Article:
It’s not always this sunny. Dress in layers. Photo credit: Ronosaurus Rex

The Food. San Francisco loves playing host to new kinds of foods in quirky settings (a la State Bird Provisions or the Off the Grid food truck extravaganzas). These tend to get a lot of press, but I have found them to be inconsistent, or in the case of State Bird Provisions, just meh. Below is by no means an exhaustive list, and I’m sure many will be able to point to restaurants that offer much better fare, but these are the restaurants that R and I have returned to over and over again.

  1. Fancy Date Night: Bix or Boulevard. Neither are cheap, both are outstanding in ambiance, service, and food. These are classy places. Show up dressed.
  2. Oysters and Booze. You can get them almost anywhere, but my favorite places are Hard Water, where you can pair your oysters with whiskey, and Hog and Rocks, where you can pair your oysters with pork and, uh, whiskey. Do yourself a favor and click the link to Hard Water so that you can see what awaits you.
  3. Vietnamese: People will talk to you about how The Slanted Door is the best Vietnamese food in the City, but they’re wrong. The Slanted Door is great food, but Yummy Yummy in the Inner Sunset is the best Vietnamese in the City.
  4. Italian. There are a lot of great Italian places here, but I learned something very important from the late owner of North Beach Restaurant. Parmesan cheese is traditionally used to mask the taste of mediocre pasta sauce. Italians only put the cheese on the pasta if they don’t like the sauce. North Beach Restaurant has magnificent pasta sauces. Do not ruin your experience by putting parmesan cheese on anything. They will bring you the cheese because we Americans are accustomed to having it. Do not use it. (Pro tip: City Lights Bookstore is very near here!)
  5. Mexican. There are a lot of really good Mexican restaurants here. La Taqueria is our go to for quick and dirty tacos and burritos. You’re not going to find any mango salsas or even a salad here, but you’ll get a chicken taco or a carne asada burrito that will satisfy your palate and your appetite. There’s a reason this place won the national burrito bracket.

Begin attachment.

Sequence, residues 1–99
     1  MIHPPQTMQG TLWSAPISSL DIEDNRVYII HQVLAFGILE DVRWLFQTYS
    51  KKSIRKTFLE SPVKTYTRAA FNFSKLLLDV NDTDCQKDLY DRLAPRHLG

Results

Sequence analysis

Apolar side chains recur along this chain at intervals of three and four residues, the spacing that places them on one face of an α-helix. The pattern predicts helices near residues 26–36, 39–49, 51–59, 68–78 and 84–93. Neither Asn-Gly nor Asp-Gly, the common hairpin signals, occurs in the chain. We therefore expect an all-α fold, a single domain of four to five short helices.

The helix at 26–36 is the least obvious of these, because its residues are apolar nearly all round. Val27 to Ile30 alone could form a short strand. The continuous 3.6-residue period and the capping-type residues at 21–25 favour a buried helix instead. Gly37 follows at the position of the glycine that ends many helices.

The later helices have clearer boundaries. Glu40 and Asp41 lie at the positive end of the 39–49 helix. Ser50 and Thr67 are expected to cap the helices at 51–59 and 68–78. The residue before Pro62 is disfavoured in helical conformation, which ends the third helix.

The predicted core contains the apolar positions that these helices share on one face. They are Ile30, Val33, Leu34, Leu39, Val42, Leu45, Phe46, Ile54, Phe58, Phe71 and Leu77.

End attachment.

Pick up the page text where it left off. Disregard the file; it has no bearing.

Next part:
6. New Mexican. As in, from New Mexico. Green Chili Kitchen. So good.
  7. Chinese. You can try to find good Chinese food in Chinatown, but you’ll have better luck venturing down Clement Street in the Inner Richmond, or if you’re feeling really adventurous (and maybe you’re planning a trip to Ocean Beach anyway), go to the Old Mandarin Islamic Restaurant.
  8. Seafood. It’s everywhere here. You almost can’t go wrong (unless you to go to Fisherman’s Wharf…seriously people, the only reason you should go there to eat is for an In-N-Out burger). Try Waterbar for a view of the Bay or Cliff House for a view of the ocean. Make reservations for both. Sotto Mare has amazing cioppino if you’re into that sort of thing.

The Robin Williams Tunnel. More specifically, the view coming into the City. The arch of the tunnel frames the Golden Gate Bridge so beautifully. It makes me happy every time I see it. The pictures online don’t really do it justice.

So goodbye for now, San Francisco. You’re a truly lovely place to call home.

One comment

  1. Oh how I remember that day we were driving and passed San Francisco. When I pointed out the city, I knew in my heart it had made an impression on you. How our intuition works is amazing. How our bonding touches our innermost being and somehow connects with events to come. Life is for the living…live it fully my sweet daughter. Have a wonderful trip. I will follow T and R as they travel the world in this year of adventure together. I love you so.